The extended order is irrational and evolutionary. As culture changes, so old ideas drop away and new ideas (that work) come to stay. It’s interesting to watch recent developments in regards to gender and feminism and multiculturalism, as people push and prod at our long held beliefs. Over time, the order will change to either accept these newer ideas, or they will drop away from lack of use as newer challenges come along.

Capitalism vs. Greed

Dollar Exchange Rate World Economy
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The newspapers love to make a splash about greedy capitalists, who have overstepped the mark, got carried away with their wealth and abused their ‘power’.

Many, particularly on the left, like to pick on the immoral capitalists, lumping most business people into this rather broad brushstroke.

I do think that they are, as ever, labouring under false assumptions. There seems to be an almost puritanical basis the idea that anyone who tries to make a living as an entrepreneur is somehow evil and not to be trusted. Another message that falls neatly into the emotional argument camp.

Yet, I would argue that while socialism is an ideal that can, should you wish, be sought after, the assumption that capitalism too is an ideal, is patently wrong.

For me, capitalism – the desire to make enough money to provide for your family and, if possible, work within the wider community to share your talents to bring growth and prosperity to all – is nothing more than the result of humans simply doing what humans need to do to survive and, if left alone, would just do anyway without any zeal or guidance to pursue it. It evolves over time, always flexible enough to cope with the changes the arise in life.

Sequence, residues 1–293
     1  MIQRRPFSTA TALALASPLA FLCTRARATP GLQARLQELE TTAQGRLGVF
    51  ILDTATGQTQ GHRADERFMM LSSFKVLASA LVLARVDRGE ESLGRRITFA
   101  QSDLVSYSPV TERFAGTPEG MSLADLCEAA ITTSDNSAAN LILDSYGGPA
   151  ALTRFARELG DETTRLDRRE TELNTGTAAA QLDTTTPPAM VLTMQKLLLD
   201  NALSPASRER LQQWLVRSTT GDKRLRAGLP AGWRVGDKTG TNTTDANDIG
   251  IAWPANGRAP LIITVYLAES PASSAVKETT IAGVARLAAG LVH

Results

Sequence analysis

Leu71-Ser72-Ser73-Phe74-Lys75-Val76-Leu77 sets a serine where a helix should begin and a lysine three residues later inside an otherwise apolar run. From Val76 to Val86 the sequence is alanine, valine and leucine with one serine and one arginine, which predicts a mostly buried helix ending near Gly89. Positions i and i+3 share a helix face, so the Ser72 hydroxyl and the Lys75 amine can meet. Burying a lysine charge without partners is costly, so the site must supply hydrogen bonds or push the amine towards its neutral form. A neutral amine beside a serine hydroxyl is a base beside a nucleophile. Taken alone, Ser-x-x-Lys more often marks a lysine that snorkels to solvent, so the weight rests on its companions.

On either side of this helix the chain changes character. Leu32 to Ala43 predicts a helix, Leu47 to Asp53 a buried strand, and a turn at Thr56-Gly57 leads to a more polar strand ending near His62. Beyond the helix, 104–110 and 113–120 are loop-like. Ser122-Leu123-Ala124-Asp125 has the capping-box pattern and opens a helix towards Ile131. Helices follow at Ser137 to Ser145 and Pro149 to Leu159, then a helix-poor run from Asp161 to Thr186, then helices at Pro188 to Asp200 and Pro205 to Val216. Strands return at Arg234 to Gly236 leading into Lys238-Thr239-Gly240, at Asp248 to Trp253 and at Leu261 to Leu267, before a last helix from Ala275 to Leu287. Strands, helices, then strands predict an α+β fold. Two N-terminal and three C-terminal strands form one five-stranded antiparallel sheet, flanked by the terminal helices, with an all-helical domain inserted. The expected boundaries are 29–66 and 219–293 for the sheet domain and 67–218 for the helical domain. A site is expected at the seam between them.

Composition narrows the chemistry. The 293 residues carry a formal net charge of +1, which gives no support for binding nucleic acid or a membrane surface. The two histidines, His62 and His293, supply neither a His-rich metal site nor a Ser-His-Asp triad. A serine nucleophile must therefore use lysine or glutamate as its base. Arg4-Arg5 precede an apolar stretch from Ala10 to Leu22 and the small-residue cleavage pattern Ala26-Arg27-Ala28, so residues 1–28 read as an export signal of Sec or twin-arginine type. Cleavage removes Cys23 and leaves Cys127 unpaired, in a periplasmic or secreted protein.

Left-wing thinking is fundamentally the attempt to control that process. The intellectual observes many facts (but never all) and concludes that the extended order of our society must have a some kind go guiding hand. It would be illogical to think otherwise. If you reject God from the equation then, rationally, it must be humans controlling things.

And so the intellectuals look for the underlying structures, find some that look promising, and start to tinker, without the means or the full understanding to really appreciate what they are doing. When they see people actively chasing money or power as a cause in itself, they assume that this activity must be an underlying principle of capitalism, when it is nothing more than misguided fools abusing their success and authority.

These fools may be motivated by greed or selfishness, yet they are really no different to those more socially minded types who try to control society. These greedy fools often use the authority of their wealth and status to coerce people to do their bidding, much as the power invested in the structures of socialism is rife with abuse. These are not the motives of the average person, who simply wants to get by, live their life and see their family and friends prosper, the main driving force behind the extended order.